Mister Matthews, Nicki, America discussed on Motor Sport Magazine Podcast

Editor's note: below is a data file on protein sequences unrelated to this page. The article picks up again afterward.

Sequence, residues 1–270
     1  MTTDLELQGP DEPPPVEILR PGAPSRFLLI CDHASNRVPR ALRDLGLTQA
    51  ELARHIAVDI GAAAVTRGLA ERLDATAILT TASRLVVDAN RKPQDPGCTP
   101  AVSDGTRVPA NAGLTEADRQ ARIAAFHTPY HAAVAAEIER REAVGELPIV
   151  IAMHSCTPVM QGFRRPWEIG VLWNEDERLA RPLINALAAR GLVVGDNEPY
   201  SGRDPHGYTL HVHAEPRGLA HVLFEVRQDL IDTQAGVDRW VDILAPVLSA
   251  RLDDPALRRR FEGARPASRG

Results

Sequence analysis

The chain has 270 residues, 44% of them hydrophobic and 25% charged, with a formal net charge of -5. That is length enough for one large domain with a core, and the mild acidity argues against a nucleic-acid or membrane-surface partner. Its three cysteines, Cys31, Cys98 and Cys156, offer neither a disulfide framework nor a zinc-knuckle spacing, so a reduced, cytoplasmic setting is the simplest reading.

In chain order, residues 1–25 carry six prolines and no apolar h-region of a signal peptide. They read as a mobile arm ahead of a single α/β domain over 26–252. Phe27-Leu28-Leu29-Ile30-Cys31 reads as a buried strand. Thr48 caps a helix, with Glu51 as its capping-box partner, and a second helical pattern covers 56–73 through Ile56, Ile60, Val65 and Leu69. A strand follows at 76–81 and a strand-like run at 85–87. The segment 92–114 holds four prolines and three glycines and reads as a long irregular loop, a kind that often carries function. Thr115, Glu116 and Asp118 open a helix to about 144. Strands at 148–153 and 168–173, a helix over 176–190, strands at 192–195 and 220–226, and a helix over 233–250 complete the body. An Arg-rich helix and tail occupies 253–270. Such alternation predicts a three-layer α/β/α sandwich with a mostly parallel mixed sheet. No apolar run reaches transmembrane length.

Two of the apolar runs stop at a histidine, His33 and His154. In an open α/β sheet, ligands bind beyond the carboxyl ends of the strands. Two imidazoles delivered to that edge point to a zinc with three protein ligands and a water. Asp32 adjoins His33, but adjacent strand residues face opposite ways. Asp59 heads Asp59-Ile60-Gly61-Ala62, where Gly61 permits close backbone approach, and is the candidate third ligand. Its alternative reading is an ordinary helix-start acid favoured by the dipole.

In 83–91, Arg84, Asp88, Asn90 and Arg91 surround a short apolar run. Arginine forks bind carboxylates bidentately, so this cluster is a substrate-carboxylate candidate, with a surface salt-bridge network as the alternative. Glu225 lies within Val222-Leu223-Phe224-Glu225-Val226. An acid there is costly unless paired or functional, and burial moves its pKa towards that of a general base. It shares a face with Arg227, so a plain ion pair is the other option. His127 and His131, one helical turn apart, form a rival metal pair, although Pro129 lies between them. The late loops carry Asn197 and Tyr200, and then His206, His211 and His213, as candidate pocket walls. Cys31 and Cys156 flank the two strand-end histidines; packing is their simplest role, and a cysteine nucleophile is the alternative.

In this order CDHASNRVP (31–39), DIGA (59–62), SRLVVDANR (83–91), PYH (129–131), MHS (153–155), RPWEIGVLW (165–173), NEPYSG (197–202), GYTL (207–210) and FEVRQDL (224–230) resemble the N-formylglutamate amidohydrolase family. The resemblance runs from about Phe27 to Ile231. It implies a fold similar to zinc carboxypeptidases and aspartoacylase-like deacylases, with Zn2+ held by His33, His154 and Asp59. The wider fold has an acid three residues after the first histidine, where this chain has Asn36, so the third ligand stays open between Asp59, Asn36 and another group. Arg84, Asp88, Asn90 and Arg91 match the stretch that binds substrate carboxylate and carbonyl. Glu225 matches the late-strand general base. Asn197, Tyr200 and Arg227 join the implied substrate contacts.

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For me, it was like okay, I can go back to home to stay with my family all the time and take for the decision was taking. But they're helping around was not disturbing me at all. You know, it was more like, okay, always I saw it as a new opportunity to do something different again. And just how different was it at Red Bull compared to Jaguar? Because it sounds from the outside at least that you've got one that was very corporate and didn't work. And then you had one that came in completely changing the landscape and disrupting Formula One with their approach of having a lot of fun, like the image that the team wanted to have and was at the same behind the scenes working or is that not possible when you're trying to be successful on track? No, it can not be like you see it from a site. You still need to work hard. It wasn't all fun. You know, it wasn't all fun. It was hard work, as well. But I was a way to yes, and when I came back, actually, a structure, not a lot of change, how we left at Nicki and myself. It was very weird. You know, it was like they have two years come by. There was not a lot of progress made, you know? I was quite surprised about that one. How little was actually changed for people in place. And the Copa coach obviously was another one and Red Bull was mister Matthews was adamant to invest and to go forward, not just sit back and see look at the old days. And did that help though in you being able to kind of continue, like you said, you were Nicki needed maybe one or two more years. Did it feel like you were continuing from almost where you'd left off when you left the team? It's very difficult to say because it's also very strange when you get back to a company after the TF been away two years with completely different ownership. It was like something I never experienced you know because you don't go into a new place, but it's not completely new. It's somehow just different, but some of the things that this was yesterday and now there's a completely different future. So I would say almost a little bit confusing at times. So we're looking in this podcast for a big break moment and you obviously got a lot of experience in that Red Bull time. I mean, big budget, a lot of people to work with. Was it the biggest company you'd have team that you'd have looked after at that point? Absolutely absolutely. You know, because at the time, it was already quite a big team as geographic, not one of the biggest one in Formula One, but then the Red Bull came in and it was going very quick. But then the flip side was you were then I'd say center. I don't know if it was a choice, but you went to America to set up the NASCAR Cup Series team, which I imagine was a a lot smaller, even if it's still big money. But be very different. How did that come about? Because that's like you say, you're happy in the UK. You hopped around things in Europe and then suddenly you're off to America. I would say a dreadful because there was so much change going on, I think there was for me, it was like, I don't know if this is my future or not, and then my relationship with mister Matheson was pretty good, you know. And then at some stage, he asked me if I got an interest to move to the states to look after the NASCAR team, which we will open. And I was like, I don't know what she said. I was pretty happy, but then when I was younger, I would say everybody had not a dream. You know, I would like to go to the U.S. and obviously it's very difficult for you paying to go to the S, especially with driving a good job there, you know? So you would need to start from the bottom again. So I was like, well, yes, with interest me and I didn't know anything about NASCAR or not anything. I knew a few who they learned, of course. A few names, but I didn't know anything technically or how the CFS works. So I was like, I don't know if NASCAR is still writing and died, no idea where Charlotte was to be honest when we first spoke about. So it was one of the things so I said the challenge of the U.S. with the nice, you know, so I went to speak with my wife and we spoke about, and we said, hey, let's do it. We are still young enough to do this, you know? If you like it, we stay there a few years and if not, we come back, there's always something to do. And off we went. From an F one perspective, did it feel like you were leaving the sport though at that point to go to America? Because the links weren't so tight, were they at that stage between the U.S. and F one? I never felt that I'm leaving anything. I just changed. You know, because even if you change job, I didn't think this is gone now. I still had my friends in F one. I went to a few races after even after I moved to the friendship with Nikki was pretty pretty big. You know, so we always wearing contact. So I never, even in Raleigh, I still have friends who are you know I'm still involved, obviously I don't know a lot of people in DTM anymore, but that has changed so much as a race series that there's not many of the old people around anymore anyway. So no, I didn't feel like I'm leaving something. I was up to, hey, what are you going to do next? Let's enjoy this experience. Well, I'd suggest as well from the outside looking at the way your career went that that was a big turning point for you because you still live in America. You've obviously run an American team as we call it in Formula One. And you had two good years with the Red Bull team. And then when you left, you stayed in mooresville in North Carolina. So what was so attractive about staying in that region? So I guess at that point, you may be at that stage didn't have anything else keeping you there at that point. You could have gone anywhere again. Yeah. It was with the NASCAR team about two years. And then when that was all I was like, what do they do next? I had job offers to come back to Europe quite nice ones. And I was like, I don't really, I'm not finished with America yet. You know, there was only there two years. And I liked the country. I liked my personal life. My wife liked it, you know, so I said, well, that is good I do. I had another dream, you know, always when I was younger. To have my own business and I never had the time because I always had good jobs and then you don't want to stop working a good job to do something take a risk to doing your own business..